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  1. Lustre
  2. LU-2160

Implement ZFS dmu_tx_hold_append() declarations for llog

    Details

    • Type: Improvement
    • Status: Open
    • Priority: Minor
    • Resolution: Unresolved
    • Affects Version/s: None
    • Fix Version/s: None
    • Labels:
    • Story Points:
      5
    • Rank (Obsolete):
      2749

      Description

      llog records are written in append fashion and holes in llog files are not allowed. Lustre doesn't know until late into transaction life cycle if it will need to write llog record for this operation, at what offset and to what llog file. In other words at dmu_tx_assign() time Lustre only knows the size of a potential llog record it might write during this transaction but doesn't know the exact start offset and object id for this write into llog file (it also knows the maximum llog file size). But dmu_tx_* APIs assume that the caller knows precise offset of a future write before dmu_tx_assign(). This is needed to calculate precise amount of space that will be consumed by a given write and this amount may differ for the same write size at different offsets (a second reason is that in debug mode dmu_tx_dirty_buf() verifies all writes are done only to offsets declared with dmu_tx_hold_write()). Changing Lustre code to calculate precise offset in llog before dmu_tx_assign() step doesn't seem to yield an efficient solution therefore we propose to add 2 new dmu_tx* APIs to accommodate Lustre requirements.

      1)

      void
      dmu_tx_hold_append(dmu_tx_t *tx, uint64_t object, uint64_t startoff,
                         uint64_t obj_maxsize, uint64_t len, int bs, int ibs)
      

      This API will reserve the maximum possible amount of space needed to append len bytes to any plain file within tx->tx_objset objset. The caller guarantees the size of this file is at most obj_maxsize but the actual start offset for the write may be anywhere from startoff to max_objsize-len (assert(len <= obj_maxsize)). This API is passed an object as object may be unknown when it's called. bs and ibs specify direct and indirect blocksizes used for the object we'll write (this avoids assuming worst cases for block sizes). if bs and ibs is 0 worst case for those blocksizes should be assumed.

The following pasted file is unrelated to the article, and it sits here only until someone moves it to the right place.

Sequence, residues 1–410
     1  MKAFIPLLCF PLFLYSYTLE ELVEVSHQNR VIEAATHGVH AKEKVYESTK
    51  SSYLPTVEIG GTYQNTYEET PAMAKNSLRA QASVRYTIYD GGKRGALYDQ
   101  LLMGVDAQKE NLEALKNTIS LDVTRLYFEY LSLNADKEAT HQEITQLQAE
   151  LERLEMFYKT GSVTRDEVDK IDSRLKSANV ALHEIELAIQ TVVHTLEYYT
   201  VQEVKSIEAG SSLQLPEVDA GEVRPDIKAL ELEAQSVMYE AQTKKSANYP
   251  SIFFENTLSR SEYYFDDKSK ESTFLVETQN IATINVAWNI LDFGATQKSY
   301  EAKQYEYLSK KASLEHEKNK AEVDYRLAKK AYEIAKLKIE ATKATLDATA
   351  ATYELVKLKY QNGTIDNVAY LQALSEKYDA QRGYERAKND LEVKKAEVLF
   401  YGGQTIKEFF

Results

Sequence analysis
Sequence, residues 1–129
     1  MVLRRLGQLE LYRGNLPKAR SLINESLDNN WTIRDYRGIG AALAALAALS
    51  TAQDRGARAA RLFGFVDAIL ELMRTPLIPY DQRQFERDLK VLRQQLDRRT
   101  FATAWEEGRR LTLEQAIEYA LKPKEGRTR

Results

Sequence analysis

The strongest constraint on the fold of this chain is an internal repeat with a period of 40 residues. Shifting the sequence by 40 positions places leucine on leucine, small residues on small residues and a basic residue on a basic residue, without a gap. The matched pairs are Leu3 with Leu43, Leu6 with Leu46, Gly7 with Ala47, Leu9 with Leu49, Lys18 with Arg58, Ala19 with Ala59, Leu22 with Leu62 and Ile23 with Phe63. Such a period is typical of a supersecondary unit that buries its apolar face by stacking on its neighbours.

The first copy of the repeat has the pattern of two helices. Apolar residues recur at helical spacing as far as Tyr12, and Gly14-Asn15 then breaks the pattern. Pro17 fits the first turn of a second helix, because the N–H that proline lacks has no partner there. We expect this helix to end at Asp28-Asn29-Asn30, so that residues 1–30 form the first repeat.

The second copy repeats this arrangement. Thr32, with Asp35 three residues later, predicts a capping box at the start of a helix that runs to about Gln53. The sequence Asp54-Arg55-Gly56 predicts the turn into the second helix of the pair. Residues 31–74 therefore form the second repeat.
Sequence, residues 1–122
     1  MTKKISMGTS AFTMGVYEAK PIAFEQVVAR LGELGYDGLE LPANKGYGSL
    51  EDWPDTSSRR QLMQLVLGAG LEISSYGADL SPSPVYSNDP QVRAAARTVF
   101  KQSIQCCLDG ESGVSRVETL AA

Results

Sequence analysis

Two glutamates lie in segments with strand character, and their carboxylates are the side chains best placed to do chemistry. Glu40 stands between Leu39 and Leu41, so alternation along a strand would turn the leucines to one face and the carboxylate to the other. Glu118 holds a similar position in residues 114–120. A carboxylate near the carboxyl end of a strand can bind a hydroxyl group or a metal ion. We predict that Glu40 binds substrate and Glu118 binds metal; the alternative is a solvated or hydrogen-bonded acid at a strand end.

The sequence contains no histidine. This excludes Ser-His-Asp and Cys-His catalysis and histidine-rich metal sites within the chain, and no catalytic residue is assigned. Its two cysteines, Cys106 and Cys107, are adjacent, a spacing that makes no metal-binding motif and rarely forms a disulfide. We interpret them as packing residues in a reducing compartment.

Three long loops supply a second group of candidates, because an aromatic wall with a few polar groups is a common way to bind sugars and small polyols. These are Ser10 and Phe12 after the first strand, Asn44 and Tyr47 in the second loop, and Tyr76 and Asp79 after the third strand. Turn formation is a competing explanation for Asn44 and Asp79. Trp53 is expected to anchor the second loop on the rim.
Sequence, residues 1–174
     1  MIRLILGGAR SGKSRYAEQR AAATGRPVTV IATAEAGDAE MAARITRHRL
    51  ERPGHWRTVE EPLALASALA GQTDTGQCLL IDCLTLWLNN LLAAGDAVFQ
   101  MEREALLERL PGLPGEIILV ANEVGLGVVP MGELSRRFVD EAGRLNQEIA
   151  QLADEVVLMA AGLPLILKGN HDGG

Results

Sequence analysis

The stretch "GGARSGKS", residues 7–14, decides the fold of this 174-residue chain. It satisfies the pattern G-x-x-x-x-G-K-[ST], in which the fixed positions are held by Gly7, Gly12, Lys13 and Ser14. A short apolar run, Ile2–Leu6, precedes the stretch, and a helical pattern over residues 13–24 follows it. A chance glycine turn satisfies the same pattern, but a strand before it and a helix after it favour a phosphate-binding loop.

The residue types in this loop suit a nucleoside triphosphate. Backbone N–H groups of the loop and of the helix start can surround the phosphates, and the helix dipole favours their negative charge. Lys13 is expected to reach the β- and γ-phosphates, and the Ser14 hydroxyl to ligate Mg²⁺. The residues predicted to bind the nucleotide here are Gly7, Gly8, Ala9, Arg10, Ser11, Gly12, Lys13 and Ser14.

dmu_tx_hold_append() should pick the worst range for len bytes write. This will be the range where start and end byte are covered by a different indirect block at every level of the tree (i.e. seems like it should be [obj_maxsize/2 - len/2, obj_maxsize/2 + len/2)). dmu_tx_hold_append() can assume all writes to data blocks will only create new data and metadata blocks even if there's no snapshot. Therefore only txh_space_towrite field needs to be calculated for txh structure created by dmu_tx_hold_append() (space from metadnode update should be added just as in case of dmu_tx_hold_write() when dn is NULL).

      While dmu_tx_hold_append() may overestimate the net space consumed on disk by always assuming there's a snapshot and all writes create new metadata (this is correct assumption for data since we only write in append fashion to llog) it will avoid over reservation done by dmu_tx_hold_write() in other respects. Specifically dmu_tx_count_write() (called by dmu_tx_hold_write()) assumes the object size can be up to 2^64-1 when either dnode is not specified or declared write extends beyond current dn_maxblkid. In this case dmu_tx_count_write() accounts for maximum number of indirect blocks (and for the first write when maxblkid is 0 it uses the worst possible overhead from indirect blocks by computing the number of indirect blocks based on smallest indir blksz but using max indir blkzs as block size).

      dmu_tx_hold_append() can avoid that by knowing max file size and actual indirect/direct blocks sizes the caller guarantees to use. Specifically for 4K direct and 16K indirect blocksizes and 512MB max_objsize dmu_tx_hold_append() for 40 byte write will reserve 5 indirect blocks and 2 direct blocks or 88KB excluding metadnode file write.

      In the same case dmu_tx_hold_write() will reserve from this code (used when we extend the object into new block):

      	/*
      	 * 'end' is the last thing we will access, not one past.
      	 * This way we won't overflow when accessing the last byte.
      	 */
      	start = P2ALIGN(off, 1ULL << max_bs);
      	end = P2ROUNDUP(off + len, 1ULL << max_bs) - 1;
      	txh->txh_space_towrite += end - start + 1;
      
      	start >>= min_bs;
      	end >>= min_bs;
      
      	epbs = min_ibs - SPA_BLKPTRSHIFT;
              /*
      	 * The object contains at most 2^(64 - min_bs) blocks,
      	 * and each indirect level maps 2^epbs.
      	 */
      	for (bits = 64 - min_bs; bits >= 0; bits -= epbs) {
      		start >>= epbs;
      		end >>= epbs;
      		ASSERT3U(end, >=, start);
      		txh->txh_space_towrite += (end - start + 1) << max_ibs;
      		if (start != 0) {
      			/*
      			 * We also need a new blkid=0 indirect block
      			 * to reference any existing file data.
      			 */
      			txh->txh_space_towrite += 1ULL << max_ibs;
      		}
      	}
      

      at least (52/7 + 1) * 16K + 16K + 4K = 148KB (I added extra 16K for all writes when start is > 64MB).

      That's greater than 88KB reserved by dmu_tx_hold_append() excluding metadnode reservation (metadnode reservation would be the same if we don't know object id upfront). And when dnode id is unknown (which is the actual case for llog writes) dmu_tx_count_write() would reserve much more (as it uses 3 not 7 for epbs above).

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              • Assignee:
                bzzz Alex Zhuravlev
                Reporter:
                adilger Andreas Dilger
              • Votes:
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                Dates

                • Created:
                  Updated: